Think of the learning map model as a common road map. The learning map model illustrates the connections among the knowledge, skills, and understandings necessary to meet academic content standards. Although students may share a common destination, they often begin their journeys from different points on the map. The learning map model helps parents and educators guide students to success by showing them where a student is now, where the student has been, and where the student is going.
The basis of all DLM assessments, the learning map model was developed by teams of researchers through extensive review and synthesis of research literature. It undergoes continual review and refinement by experts in academic content, special education, and cognition.
Points on a Map
The learning map model shows individual concepts and skills in points called nodes. Good instruction, however, requires more than simply teaching individual facts or skills. Effective teachers need to understand how knowledge and skills are connected. That is why the learning map model also includes many connections among its nodes -- to show different ways students reach the same goals.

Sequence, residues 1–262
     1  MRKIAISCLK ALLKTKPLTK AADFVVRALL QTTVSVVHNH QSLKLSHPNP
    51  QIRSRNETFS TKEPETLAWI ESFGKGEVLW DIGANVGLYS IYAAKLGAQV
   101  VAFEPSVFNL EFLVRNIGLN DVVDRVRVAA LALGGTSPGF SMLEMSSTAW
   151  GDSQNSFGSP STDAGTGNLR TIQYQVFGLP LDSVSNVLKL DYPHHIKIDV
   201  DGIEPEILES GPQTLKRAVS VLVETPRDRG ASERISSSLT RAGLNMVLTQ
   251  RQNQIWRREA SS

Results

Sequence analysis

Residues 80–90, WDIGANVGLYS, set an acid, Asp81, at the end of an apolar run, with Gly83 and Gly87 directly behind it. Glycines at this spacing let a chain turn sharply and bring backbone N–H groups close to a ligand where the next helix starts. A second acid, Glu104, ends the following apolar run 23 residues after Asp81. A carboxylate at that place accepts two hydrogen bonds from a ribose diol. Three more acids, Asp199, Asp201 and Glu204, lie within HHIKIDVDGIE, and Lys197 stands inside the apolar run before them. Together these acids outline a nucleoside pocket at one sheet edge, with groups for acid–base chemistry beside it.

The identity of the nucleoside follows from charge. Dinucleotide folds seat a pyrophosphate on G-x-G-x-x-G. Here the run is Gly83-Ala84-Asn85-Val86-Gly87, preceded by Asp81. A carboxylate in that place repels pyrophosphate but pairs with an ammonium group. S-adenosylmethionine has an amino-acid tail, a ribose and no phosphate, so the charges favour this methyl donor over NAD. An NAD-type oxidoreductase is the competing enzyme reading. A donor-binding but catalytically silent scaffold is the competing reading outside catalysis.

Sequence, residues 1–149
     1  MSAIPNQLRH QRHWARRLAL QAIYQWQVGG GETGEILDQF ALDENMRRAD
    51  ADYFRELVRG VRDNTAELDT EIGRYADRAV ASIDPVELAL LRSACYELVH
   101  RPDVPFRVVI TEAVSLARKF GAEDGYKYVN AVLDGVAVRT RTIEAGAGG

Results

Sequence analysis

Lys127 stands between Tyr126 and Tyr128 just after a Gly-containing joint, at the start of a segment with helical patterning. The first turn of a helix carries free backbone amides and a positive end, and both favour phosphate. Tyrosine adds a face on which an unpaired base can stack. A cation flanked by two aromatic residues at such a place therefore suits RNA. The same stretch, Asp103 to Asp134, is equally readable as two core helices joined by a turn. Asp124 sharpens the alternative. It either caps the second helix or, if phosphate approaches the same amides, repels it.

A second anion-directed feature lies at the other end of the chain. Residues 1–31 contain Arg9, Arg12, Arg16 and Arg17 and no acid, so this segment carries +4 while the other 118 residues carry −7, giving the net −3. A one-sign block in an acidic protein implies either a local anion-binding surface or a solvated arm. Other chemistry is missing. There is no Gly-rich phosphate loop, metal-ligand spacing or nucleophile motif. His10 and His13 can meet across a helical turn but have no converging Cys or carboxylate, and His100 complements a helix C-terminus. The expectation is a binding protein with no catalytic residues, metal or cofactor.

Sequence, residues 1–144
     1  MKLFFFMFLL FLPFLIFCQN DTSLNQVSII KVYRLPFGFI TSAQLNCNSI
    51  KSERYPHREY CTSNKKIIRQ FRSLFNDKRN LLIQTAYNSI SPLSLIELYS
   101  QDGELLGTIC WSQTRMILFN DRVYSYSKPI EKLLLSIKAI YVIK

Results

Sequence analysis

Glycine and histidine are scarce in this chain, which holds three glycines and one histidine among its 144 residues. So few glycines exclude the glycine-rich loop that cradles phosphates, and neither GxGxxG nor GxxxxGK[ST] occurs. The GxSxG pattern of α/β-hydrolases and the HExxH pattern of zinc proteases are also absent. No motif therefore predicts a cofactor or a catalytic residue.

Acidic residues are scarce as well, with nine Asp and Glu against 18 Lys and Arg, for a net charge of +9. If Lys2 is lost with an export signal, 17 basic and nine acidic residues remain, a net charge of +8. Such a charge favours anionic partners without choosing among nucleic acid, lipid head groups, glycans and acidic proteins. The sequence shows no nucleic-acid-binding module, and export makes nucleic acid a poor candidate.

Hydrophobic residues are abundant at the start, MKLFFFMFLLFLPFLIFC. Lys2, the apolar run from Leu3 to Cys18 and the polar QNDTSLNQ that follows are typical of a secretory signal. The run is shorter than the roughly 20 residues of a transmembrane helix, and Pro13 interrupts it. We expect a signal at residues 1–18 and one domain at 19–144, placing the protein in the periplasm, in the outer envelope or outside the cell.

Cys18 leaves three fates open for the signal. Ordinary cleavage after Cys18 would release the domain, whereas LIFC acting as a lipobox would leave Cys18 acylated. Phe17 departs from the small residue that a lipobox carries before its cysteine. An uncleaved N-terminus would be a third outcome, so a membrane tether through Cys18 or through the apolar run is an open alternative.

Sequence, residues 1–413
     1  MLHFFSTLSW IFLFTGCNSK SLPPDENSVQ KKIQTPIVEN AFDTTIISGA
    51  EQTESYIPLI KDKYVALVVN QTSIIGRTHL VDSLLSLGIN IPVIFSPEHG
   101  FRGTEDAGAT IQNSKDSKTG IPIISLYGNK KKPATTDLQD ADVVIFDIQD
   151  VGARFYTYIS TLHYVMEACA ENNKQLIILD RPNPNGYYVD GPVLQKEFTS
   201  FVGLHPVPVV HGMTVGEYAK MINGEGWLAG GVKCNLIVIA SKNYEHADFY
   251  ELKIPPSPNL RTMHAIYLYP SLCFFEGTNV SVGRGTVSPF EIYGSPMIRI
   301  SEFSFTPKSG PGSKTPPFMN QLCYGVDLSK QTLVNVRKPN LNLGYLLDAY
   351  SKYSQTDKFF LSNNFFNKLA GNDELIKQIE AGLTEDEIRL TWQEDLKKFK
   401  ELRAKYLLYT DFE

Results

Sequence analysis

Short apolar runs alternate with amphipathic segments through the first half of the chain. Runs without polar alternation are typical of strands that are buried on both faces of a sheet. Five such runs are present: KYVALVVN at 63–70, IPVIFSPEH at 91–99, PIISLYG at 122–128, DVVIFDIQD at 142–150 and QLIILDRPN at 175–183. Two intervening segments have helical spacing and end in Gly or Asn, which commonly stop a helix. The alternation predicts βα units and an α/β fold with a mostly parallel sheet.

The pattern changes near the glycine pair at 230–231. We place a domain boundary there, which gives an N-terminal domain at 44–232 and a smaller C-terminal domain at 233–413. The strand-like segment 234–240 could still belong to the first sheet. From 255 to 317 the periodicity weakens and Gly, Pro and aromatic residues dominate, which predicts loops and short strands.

As of April 2016, the English language arts portion of the learning map model has 2,089 nodes, with 5,045 connections. The mathematics portion of the learning map model contains 2,399 nodes and 5,200 connections. There are 150 foundational nodes associated with both subject areas. The DLM consortium is developing a new portion of the learning map model for science.
Students who take DLM assessments are instructed and assessed on Essential Elements. Essential Elements are grade-specific expectations about what students with the most significant cognitive disabilities should know and be able to do. The Essential Elements relate to college and career readiness standards for students in the general population.
Every Essential Element has linkage levels, which are small collections of nodes. Unlike traditional assessments, DLM testlets measure achievement with the help of linkage levels.
Each Target linkage level aligns most closely with the knowledge, skills, and understandings described by the corresponding Essential Element. The Target level is the standard linkage level for assessment. In English language arts and mathematics, students who have not yet reached the Target may instead be assessed at a linkage level that precedes the Target. These additional linkage levels are, in order of least to most complex, Initial Precursor, Distal Precursor, and Proximal Precursor. Students who master the Target may test at a Successor linkage level.
Science Essential Elements currently have three linkage levels. From least to most complex they are Initial, Precursor, and Target.
The graphic below is a mini-map. Mini-maps have been developed from the learning map model for each assessed Essential Element. They include the linkage levels used to assess the Essential Element and show pathways between the linkage levels.
Using Mini-Maps to Plan Instruction (pdf)
PDF containing information on how to use-mini maps to plan instruction